In 1924 Viscount Curzon MP acknowledged in the House of Commons that a bridge for pedestrian access situated between Wandsworth Bridge and Battersea Bridge was needed. As you will be aware the area around Battersea Railway Bridge, on both sides of the river, has seen a renaissance in recent years. Thousands of new apartments as well as many restaurants and bars and two 5* hotels have been constructed in the area, opening up the riverfront to leisure and thoroughfare. Many more developments are planned and under construction in the immediate vicinity. A new pedestrian and cycle bridge alongside the railway bridge will enable greater integration between the north and south of the river both in terms of transport and economic activity whilst also having a positive impact on the environment and creating an extension to the amenity space and linear park of the Thames Path. During the Diamond Jubilee Celebrations the Queen boarded the Flotilla and set sail from this very location. A new pedestrian and cycle link here at this time will be a fitting legacy for the Diamond Jubilee celebrations and one which makes financial, business, infrastructure and common sense.
Planning Policy, TfL & Local Authority Support
The bridge is supported both by local authority and GLA planning policy. Planning consent has been granted in Wandsworth, Hammersmith & Fulham and by the GLA. The Mayor and TfL announced the diamond jubilee bridge as part of a wider ambition to build several Thames crossings and it was covered widely in the press last December, however TfL’s have made no financial commitment but their positive engagement is of course welcomed. Wandsworth have recently adopted an SPD that will enable the council in future to assign CIL contributions to a bridge and a recent S106 agreement with Barratt London has secured the piling of the bridges foundations on the Battersea side of the river (expected to be complete this July).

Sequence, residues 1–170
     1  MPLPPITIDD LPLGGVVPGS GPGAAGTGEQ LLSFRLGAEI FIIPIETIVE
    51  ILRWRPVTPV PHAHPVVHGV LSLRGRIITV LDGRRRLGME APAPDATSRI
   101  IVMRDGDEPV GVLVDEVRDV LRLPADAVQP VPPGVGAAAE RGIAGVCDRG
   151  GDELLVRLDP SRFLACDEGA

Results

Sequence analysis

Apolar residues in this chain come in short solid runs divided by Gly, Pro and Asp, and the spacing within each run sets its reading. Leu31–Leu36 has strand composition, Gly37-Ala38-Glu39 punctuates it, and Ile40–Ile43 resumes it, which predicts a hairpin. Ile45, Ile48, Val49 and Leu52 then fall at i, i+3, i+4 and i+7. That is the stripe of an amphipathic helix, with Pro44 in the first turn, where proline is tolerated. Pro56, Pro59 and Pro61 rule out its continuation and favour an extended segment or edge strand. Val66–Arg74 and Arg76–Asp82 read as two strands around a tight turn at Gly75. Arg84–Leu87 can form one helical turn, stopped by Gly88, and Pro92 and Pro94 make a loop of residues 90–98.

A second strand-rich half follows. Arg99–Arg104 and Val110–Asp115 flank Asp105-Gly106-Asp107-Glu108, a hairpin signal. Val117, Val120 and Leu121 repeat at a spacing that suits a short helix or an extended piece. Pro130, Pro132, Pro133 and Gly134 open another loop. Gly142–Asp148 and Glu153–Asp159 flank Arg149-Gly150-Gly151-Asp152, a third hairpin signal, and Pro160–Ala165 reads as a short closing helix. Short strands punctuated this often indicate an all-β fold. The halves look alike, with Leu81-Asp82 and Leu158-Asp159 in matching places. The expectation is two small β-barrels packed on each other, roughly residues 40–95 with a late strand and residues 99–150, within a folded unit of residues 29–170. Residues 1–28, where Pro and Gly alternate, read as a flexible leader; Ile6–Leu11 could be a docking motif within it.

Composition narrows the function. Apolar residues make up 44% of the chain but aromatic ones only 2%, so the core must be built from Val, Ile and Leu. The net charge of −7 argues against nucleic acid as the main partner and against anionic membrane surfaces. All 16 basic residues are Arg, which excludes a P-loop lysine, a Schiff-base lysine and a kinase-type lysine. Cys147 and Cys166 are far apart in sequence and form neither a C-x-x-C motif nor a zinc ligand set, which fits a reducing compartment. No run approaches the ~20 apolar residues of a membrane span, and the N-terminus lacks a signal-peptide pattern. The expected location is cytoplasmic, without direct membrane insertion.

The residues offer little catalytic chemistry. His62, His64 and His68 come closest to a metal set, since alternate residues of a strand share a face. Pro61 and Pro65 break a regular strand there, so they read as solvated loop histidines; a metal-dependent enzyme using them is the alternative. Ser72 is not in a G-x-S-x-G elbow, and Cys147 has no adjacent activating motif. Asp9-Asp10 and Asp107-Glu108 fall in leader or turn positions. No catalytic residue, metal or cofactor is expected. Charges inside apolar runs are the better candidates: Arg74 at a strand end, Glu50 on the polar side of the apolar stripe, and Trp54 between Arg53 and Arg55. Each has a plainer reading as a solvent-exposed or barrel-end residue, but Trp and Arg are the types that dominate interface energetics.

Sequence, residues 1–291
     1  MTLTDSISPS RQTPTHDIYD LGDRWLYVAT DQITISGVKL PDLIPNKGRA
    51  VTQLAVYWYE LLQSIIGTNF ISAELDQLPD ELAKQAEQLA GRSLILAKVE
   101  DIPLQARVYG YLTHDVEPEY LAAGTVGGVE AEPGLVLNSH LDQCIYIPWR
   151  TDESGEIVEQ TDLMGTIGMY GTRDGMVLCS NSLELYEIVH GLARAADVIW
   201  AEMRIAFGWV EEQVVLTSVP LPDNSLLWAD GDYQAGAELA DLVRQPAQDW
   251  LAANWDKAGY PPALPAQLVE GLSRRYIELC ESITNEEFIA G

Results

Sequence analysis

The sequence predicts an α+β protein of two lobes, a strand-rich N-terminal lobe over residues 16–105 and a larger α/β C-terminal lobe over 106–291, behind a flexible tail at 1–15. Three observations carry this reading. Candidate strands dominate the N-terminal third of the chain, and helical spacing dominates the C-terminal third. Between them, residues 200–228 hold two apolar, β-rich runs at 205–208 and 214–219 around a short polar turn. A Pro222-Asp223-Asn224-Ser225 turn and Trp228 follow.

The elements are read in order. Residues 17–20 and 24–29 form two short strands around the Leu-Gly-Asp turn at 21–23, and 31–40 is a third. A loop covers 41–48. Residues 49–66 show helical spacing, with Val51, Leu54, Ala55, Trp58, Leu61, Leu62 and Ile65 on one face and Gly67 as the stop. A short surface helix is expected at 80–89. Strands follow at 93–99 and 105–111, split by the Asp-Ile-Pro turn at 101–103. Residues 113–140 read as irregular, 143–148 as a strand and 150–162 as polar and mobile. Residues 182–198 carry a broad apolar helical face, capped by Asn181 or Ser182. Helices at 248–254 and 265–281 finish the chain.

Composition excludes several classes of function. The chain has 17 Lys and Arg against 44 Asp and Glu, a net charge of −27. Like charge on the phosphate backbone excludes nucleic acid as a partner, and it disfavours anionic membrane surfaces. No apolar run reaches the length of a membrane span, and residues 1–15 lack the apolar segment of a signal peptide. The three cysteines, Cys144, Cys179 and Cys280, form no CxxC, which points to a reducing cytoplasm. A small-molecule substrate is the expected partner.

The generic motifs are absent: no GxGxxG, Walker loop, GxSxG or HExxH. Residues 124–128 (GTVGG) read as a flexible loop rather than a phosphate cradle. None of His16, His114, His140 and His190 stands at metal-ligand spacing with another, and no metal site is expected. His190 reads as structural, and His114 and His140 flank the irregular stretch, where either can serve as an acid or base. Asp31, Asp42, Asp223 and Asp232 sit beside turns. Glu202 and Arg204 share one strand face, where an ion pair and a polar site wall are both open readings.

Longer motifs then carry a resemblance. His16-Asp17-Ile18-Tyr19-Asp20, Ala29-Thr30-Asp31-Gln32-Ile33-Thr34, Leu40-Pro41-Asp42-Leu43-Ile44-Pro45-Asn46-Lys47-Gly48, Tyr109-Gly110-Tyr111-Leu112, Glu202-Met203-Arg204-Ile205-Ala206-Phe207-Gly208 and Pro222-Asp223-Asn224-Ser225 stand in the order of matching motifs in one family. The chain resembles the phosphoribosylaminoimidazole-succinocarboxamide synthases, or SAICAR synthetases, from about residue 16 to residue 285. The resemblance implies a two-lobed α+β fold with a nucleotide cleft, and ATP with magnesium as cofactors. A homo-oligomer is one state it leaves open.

Cost & Funding
With an estimated build cost of £26m (plus risk 10%), Wandsworth’s financial appraisal indicates that the scheme has a Benefit/Cost Ratio (BCR) of 2.0:1. This indicates that the scheme would provide high value for money, with a BCR above the TfL pass mark of 1.5:1 and at the level representing high value for money in Department for Transport guidance. It has always been our intention to achieve corporate sponsorship for the full amount in exchange for naming rights and we are still working on this by trying hard to keep the scheme alive to local residents, the press and seeking out any contact opportunities with corporations and potential sponsors wherever possible. Unfortunately we have not yet succeeded.